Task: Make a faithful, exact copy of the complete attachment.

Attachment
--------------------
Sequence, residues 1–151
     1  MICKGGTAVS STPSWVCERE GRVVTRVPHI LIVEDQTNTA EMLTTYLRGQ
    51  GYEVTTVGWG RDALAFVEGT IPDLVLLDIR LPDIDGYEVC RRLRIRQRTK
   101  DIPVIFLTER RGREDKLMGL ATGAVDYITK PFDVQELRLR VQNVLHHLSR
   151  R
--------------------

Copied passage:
Sequence, residues 1–151
     1  MICKGGTAVS STPSWVCERE GRVVTRVPHI LIVEDQTNTA EMLTTYLRGQ
    51  GYEVTTVGWG RDALAFVEGT IPDLVLLDIR LPDIDGYEVC RRLRIRQRTK
   101  DIPVIFLTER RGREDKLMGL ATGAVDYITK PFDVQELRLR VQNVLHHLSR
   151  R